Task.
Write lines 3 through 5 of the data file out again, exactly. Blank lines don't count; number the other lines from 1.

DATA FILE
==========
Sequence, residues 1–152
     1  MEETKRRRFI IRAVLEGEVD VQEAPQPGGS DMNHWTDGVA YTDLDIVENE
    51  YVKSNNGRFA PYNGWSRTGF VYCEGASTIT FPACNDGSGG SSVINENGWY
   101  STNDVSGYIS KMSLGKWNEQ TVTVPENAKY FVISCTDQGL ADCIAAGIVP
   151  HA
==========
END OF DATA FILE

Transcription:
    51  YVKSNNGRFA PYNGWSRTGF VYCEGASTIT FPACNDGSGG SSVINENGWY
   101  STNDVSGYIS KMSLGKWNEQ TVTVPENAKY FVISCTDQGL ADCIAAGIVP
   151  HA